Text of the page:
Aware of the suffering caused by exploitation, social injustice, stealing, and oppression, I am committed to practicing generosity in my thinking, speaking, and acting. I am determined not to steal and not to possess anything that should belong to others; and I will share my time, energy, and material resources with those who are in need. I will practice looking deeply to see that the happiness and suffering of others are not separate from my own happiness and suffering; that true happiness is not possible without understanding and compassion; and that running after wealth, fame, power and sensual pleasures can bring much suffering and despair. I am aware that happiness depends on my mental attitude and not on external conditions, and that I can live happily in the present moment simply by remembering that I already have more than enough conditions to be happy. I am committed to practicing Right Livelihood so that I can help reduce the suffering of living beings on Earth and reverse the process of global warming.

This month saw communities and individuals practicing generosity, rescuing people from flooding, and danger, sharing food, resources, and housing. We also heard of acts that let us know the fires of greed, anger, and delusion are still burning in some. For me, the acts of kindness and generosity, greatly outweigh the negatives.

Witness people in distress stimulates an innate desire to free others from suffering, for their own happiness and our happiness as well. The act of true generosity the Buddha describes above has its roots in the intention of giving resulting from compassion, the desire—and action, that helps another get free from suffering.

As we read in the Second Mindfulness Training, the impulse to share our time, energy, and material resources, springs from joy, not from obligation or duty. When we look at a situation and think, “How can I help? What can I do to make our lives better?” We acknowledge that we are part of the situation and that the experience of suffering and happiness is collective. Then we can offer our services and resources without fear.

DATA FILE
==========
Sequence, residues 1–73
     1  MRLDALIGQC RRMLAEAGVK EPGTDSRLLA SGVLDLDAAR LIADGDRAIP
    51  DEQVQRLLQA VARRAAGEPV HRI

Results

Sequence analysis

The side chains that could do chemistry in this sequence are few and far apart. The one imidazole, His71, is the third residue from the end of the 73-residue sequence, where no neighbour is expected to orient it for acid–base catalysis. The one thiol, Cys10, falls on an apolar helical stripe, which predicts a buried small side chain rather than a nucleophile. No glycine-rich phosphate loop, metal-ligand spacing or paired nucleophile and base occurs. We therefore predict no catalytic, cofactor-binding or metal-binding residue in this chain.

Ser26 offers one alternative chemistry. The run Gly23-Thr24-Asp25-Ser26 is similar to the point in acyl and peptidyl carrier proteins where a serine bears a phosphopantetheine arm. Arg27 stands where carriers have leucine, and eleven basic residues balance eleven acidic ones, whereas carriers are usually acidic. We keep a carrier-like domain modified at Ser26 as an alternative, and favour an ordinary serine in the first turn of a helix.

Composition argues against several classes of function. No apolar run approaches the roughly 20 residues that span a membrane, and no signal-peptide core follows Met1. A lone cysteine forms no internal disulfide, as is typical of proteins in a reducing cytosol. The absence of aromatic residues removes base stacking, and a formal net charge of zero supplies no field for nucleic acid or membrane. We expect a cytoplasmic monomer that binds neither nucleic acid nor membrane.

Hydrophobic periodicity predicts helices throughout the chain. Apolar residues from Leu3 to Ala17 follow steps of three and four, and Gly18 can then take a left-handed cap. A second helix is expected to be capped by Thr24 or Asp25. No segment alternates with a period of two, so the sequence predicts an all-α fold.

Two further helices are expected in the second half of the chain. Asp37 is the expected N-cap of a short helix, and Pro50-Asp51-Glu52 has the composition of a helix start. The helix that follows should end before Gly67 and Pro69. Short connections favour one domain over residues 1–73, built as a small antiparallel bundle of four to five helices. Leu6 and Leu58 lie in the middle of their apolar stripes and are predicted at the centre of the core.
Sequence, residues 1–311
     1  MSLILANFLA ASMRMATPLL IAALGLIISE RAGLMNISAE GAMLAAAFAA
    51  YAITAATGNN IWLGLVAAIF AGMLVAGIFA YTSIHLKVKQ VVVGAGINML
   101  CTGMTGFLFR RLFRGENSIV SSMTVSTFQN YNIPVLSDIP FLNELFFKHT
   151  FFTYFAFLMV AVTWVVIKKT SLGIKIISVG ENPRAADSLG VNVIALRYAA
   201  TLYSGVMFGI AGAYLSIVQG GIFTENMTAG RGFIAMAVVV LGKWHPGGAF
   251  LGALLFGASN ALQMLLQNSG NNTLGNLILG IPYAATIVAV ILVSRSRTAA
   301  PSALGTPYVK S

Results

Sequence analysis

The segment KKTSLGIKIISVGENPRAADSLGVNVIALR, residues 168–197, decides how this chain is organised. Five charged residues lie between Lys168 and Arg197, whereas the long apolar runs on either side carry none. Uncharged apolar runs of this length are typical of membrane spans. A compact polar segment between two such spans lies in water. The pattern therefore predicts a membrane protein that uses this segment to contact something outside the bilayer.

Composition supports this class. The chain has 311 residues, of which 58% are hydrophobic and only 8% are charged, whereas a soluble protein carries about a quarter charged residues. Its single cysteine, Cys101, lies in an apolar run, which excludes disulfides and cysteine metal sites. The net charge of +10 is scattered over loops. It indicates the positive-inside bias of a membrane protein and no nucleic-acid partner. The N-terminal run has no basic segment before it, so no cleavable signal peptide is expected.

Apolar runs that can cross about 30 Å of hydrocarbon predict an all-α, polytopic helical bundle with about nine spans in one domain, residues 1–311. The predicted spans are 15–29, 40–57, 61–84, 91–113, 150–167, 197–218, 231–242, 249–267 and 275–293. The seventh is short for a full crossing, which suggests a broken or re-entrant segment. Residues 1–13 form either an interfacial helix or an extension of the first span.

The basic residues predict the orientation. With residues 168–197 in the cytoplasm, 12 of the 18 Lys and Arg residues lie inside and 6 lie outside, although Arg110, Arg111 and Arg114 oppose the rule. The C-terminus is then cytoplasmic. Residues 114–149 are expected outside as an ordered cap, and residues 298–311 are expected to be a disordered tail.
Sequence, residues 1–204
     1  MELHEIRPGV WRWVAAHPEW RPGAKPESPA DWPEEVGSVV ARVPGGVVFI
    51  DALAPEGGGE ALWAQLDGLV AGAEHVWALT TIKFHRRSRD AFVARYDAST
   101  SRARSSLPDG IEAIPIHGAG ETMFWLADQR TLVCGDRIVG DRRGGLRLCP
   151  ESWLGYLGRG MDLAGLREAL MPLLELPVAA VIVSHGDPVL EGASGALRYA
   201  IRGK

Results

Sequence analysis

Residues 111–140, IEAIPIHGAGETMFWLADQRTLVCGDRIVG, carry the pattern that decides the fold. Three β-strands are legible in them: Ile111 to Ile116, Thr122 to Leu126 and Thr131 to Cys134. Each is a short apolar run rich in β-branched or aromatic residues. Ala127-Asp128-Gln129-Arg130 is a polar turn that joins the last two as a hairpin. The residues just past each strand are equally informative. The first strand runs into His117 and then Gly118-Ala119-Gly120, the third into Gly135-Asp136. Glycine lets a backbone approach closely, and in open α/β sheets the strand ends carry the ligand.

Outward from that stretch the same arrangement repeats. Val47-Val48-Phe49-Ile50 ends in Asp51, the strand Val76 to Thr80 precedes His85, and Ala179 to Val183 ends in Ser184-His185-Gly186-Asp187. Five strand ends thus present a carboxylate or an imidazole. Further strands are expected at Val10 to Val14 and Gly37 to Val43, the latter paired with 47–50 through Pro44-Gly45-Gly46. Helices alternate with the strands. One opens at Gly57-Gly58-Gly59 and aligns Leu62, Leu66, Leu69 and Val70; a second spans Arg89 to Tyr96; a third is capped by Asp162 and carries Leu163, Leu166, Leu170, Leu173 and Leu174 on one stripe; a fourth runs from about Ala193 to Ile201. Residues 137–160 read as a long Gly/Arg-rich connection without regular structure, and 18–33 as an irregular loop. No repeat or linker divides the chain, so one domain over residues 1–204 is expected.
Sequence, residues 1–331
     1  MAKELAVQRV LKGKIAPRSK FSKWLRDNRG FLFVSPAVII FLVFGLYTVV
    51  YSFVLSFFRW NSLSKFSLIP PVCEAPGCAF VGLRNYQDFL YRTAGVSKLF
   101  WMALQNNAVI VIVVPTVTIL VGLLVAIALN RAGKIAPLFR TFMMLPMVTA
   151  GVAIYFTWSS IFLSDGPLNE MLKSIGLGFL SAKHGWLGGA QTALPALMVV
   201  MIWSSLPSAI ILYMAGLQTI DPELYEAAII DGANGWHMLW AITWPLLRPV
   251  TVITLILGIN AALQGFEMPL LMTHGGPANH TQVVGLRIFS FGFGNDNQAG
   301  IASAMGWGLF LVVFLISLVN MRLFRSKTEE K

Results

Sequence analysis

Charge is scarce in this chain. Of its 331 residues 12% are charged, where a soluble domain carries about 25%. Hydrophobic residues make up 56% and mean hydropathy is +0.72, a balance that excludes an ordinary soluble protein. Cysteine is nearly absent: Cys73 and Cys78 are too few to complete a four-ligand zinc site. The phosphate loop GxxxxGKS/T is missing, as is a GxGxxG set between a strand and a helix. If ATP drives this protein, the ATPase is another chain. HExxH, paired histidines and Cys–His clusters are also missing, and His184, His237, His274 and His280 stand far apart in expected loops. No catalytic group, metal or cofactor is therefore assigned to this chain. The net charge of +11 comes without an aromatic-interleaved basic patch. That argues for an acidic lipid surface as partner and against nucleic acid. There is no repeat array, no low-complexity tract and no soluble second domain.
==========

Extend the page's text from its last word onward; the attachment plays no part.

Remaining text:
We know that happiness and unhappiness do not stay in individual boxes. Happiness and suffering spill beyond our human boundaries. Happiness and suffering spread through families, neighborhoods, and around the globe. We can’t build a wall around our happiness to keep it separate. That just isn’t how life works. If we look at a situation and think, “I don’t want this problem to ruin my good time,” or, “How long will this take me away from my projects, my life?” We have a very different attitude, one of scarcity and separation. Then the gift of giving is not happy in the intention, in the act, and we feel resentful at the remembrance of giving. Giving with joy doesn’t see the act of giving as a transfer of energy, property or time, giving with joy believes that our actions benefit us as well. When we act from compassion we have faith that the happiness we help create is our rightful inheritance as citizens of this planet. Our happiness is a shared concern.

Thich Nhat Hanh speaks about offering our time as a precious gift of generosity. Through deep listening and our whole-hearted attention, we have the ability to lift the despair and isolation of another.